Today’s episode features an interview with a park ranger with the U.S. Army Corps of Engineers project near Coeur d’Alene, Idaho, who talks about Workamping opportunities in one of the prettiest places in America.
Andrew Huddleston was been working with the U.S. Army Corps of Engineers since 2012 when he was still a college student. Today he oversees the recreation operation at Albeni Falls, Idaho. The dam the Corps built in the mid-1950s created one of the largest and deepest lakes in America. The project includes four campgrounds along Pend Oreille River.
They’ve been using paid park attendants for about 40 years, but this year, they are switching to a volunteer workforce, which creates an opportunity for Workampers to spend time in the Pacific Northwest. Andrew plans to expand the volunteer opportunities in 2022 as well by utilizing them in several other recreation areas near the dam.
Workampers serve as park attendants, which mean they greet visitors to the park, help them check in to their campsites, clean up the bathrooms, and help with clerical duties at the office.
The volunteers are expected to donate 24 hours of time per couple in exchange for a full-hookup RV site very close to the Washington/Idaho border. Each person doesn’t have to put in 24 hours; that’s just the expectation for each set of volunteers and they can divide up the schedule however they wish to meet the commitment.
The jobs start in April and continue through November, at which time the park is winterized.
Volunteers also get use of a golf cart to drive around the campground to greet campers and interact with them throughout the day as they go about checking things off their to-do list.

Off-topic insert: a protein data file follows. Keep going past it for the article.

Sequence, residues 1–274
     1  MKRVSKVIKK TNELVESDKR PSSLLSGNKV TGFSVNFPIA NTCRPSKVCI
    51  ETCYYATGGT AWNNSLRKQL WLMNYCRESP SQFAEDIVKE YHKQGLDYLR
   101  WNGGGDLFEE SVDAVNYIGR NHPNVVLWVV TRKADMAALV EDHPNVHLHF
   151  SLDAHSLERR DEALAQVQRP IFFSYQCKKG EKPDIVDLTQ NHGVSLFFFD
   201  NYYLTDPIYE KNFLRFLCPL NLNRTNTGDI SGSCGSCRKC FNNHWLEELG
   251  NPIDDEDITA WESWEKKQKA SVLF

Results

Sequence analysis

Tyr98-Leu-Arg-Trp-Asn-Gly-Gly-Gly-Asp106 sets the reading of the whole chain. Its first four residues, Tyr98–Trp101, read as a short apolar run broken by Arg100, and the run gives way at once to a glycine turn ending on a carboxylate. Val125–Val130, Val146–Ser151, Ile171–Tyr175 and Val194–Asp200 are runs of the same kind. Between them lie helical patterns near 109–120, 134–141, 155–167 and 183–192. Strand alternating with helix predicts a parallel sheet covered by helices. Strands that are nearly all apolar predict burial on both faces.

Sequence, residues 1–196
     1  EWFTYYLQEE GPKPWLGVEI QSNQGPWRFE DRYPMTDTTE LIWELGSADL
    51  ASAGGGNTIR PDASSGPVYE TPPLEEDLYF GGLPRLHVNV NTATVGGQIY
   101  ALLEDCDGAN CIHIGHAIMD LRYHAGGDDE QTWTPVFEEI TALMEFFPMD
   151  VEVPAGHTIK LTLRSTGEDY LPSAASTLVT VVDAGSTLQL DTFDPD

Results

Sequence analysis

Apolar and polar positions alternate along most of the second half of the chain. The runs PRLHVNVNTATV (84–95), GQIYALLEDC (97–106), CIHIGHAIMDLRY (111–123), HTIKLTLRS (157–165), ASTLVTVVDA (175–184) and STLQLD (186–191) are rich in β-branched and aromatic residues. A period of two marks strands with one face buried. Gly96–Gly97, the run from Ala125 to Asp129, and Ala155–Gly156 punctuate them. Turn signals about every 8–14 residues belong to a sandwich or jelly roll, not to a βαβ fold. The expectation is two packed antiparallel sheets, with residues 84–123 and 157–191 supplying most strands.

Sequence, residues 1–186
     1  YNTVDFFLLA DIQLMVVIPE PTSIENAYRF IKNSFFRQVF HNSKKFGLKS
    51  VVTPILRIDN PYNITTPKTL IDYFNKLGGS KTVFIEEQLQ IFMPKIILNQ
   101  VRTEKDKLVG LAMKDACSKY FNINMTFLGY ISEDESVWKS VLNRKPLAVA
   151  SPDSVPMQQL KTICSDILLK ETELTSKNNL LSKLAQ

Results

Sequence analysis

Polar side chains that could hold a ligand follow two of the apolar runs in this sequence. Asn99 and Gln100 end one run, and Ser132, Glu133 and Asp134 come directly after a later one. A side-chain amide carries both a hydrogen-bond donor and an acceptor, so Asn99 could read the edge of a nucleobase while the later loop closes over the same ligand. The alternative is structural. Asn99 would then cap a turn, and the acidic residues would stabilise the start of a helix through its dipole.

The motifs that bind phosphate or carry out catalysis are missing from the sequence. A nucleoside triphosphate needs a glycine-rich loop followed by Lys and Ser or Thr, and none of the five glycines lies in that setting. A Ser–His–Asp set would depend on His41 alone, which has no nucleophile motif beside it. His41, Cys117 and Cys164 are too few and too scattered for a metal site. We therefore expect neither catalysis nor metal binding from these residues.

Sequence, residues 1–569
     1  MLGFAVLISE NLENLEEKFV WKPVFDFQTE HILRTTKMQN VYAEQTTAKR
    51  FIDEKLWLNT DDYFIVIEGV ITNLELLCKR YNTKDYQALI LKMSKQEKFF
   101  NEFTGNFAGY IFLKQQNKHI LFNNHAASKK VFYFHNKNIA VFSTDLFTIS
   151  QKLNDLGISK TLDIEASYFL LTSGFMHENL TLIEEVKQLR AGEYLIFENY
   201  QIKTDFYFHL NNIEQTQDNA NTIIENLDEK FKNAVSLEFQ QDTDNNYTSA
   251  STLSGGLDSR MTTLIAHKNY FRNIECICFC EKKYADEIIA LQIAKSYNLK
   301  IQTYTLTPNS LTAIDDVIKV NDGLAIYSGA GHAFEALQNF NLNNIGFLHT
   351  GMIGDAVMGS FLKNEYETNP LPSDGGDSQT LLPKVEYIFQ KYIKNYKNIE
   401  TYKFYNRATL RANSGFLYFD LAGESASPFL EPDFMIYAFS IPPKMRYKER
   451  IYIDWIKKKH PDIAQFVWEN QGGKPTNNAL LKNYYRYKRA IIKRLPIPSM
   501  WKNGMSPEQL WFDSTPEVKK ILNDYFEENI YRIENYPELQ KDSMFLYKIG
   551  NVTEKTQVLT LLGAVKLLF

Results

Because Andrew is in the process of shifting the workforce from paid contractors to volunteer Workampers, that means the first few Workampers he hires will have a tremendous opportunity to help define what that job looks like and to set expectations for future Workampers.
It sounds like it’s relatively easy work that won’t take up a lot of time as the Workampers interact with guests, check them into their sites and do some light cleaning. Providing just 24 hours of campsite coverage during the week, spread over a few days, will certainly give volunteers plenty of time to take advantage of the many recreation opportunities in that region of the country.
It’s one of my favorite places to visit in America. It offers stunning natural beauty with vast, wide-open spaces. If you like to fish, hike, backpack or go boating, this would be a great job for you. Coeur d’Alene, Idaho, which is a fun smaller city, is about an hour away. Spokane, Wash., is also an hour away in the other direction. Canada less than two hours away as well.
The project has enough volunteers for the 2021 season, but Andrew is looking for Workampers in 2022, at which time he will be transitioning two more campgrounds over to volunteer attendants. He estimates he will need nine sets of volunteers next year.
Ideally, the Workampers will be people who are excited about camping, working outdoors and interacting with the public. Workampers who have had experience working at or managing a campground are preferred, but Andrew said enthusiasm for the opportunity is what really sets candidates apart. He will provide job-specific training upon arrival.
For more information about working at the U.S. Army Corps of Engineers project at Albeni Falls, Idaho, visit www.volunteer.gov, check out the project’s Facebook page or look for ads in upcoming issues of Workamper News.
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